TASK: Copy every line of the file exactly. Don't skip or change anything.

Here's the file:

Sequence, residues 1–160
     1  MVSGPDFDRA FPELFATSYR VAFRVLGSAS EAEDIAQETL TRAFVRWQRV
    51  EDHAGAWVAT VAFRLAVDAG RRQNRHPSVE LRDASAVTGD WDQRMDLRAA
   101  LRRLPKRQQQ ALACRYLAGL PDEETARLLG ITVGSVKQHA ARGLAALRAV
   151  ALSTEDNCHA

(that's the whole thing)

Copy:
Sequence, residues 1–160
     1  MVSGPDFDRA FPELFATSYR VAFRVLGSAS EAEDIAQETL TRAFVRWQRV
    51  EDHAGAWVAT VAFRLAVDAG RRQNRHPSVE LRDASAVTGD WDQRMDLRAA
   101  LRRLPKRQQQ ALACRYLAGL PDEETARLLG ITVGSVKQHA ARGLAALRAV
   151  ALSTEDNCHA